- MMAD (Mass median aerodynamic diameter) / GSD (Geometric st. dev.): Activity mean aerodynamic diameter (AMAD) (mean ± SD) 3.5 ± 0.33 µm, geometric SD 2.8 ± 0.045
Duration and frequency of treatment / exposure:
A single exposure for 95 min.
Remarks:
Doses / Concentrations:
Respirable aerosol concentration (mean ± SD) 470 ± 39 µg/l.
No. of animals per sex per dose / concentration:
6 males per time point.
Control animals:
yes, concurrent no treatment
Positive control reference chemical:
No
Details on study design:
- Dose selection rationale: Not applicable
Details on dosing and sampling:
PHARMACOKINETIC STUDY (Absorption, distribution, excretion)
- Tissues and body fluids sampled: urine, feces, lungs (including mediastinal tissue), liver, kidneys, head, gastrointestinal tract, skinned and decapitated carcass, pelt
- Time and frequency of sampling: 15 min, 1day, 3, 7, 14, 24, 51 and 99 days after exposure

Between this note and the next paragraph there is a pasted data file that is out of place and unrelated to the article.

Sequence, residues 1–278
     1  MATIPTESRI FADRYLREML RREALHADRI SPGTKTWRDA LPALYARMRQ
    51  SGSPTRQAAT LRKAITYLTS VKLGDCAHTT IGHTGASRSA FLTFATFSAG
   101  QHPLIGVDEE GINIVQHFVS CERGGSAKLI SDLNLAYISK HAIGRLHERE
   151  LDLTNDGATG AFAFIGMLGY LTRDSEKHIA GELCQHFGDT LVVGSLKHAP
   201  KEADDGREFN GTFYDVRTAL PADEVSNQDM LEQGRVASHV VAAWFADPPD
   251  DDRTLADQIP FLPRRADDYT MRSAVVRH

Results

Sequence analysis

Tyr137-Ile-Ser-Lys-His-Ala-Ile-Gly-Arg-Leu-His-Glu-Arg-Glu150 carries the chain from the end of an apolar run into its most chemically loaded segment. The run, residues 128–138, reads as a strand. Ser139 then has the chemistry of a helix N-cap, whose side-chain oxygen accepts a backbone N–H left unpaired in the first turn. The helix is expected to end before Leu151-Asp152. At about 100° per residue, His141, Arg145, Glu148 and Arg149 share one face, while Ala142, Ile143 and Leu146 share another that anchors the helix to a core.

10 unexposed control hamsters were killed 2 or 102 days after the exposure of test animals.

The tracers were analyzed using gamma-ray spectrometry

METABOLITE CHARACTERISATION STUDIES: Not applicable

TREATMENT FOR CLEAVAGE OF CONJUGATES (if applicable): Not applicable
Statistics:
Not described.
Preliminary studies:
No
Type:
distribution
Results:
Only 60Co showed some distribution.
Type:
absorption
Results:
The tracers were detected in lungs, liver, gastrointestinal tract, carcass and head.
Type:
excretion
Results:
The leached Co was excreted in urine and the most urinary Co excretion took place within the first few days after exposure.